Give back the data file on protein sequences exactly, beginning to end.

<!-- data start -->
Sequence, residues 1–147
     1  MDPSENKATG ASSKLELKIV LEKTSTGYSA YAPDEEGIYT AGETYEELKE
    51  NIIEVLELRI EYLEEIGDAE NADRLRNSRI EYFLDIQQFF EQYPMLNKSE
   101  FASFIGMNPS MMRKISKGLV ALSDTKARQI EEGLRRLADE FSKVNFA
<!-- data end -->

Sequence, residues 1–147
     1  MDPSENKATG ASSKLELKIV LEKTSTGYSA YAPDEEGIYT AGETYEELKE
    51  NIIEVLELRI EYLEEIGDAE NADRLRNSRI EYFLDIQQFF EQYPMLNKSE
   101  FASFIGMNPS MMRKISKGLV ALSDTKARQI EEGLRRLADE FSKVNFA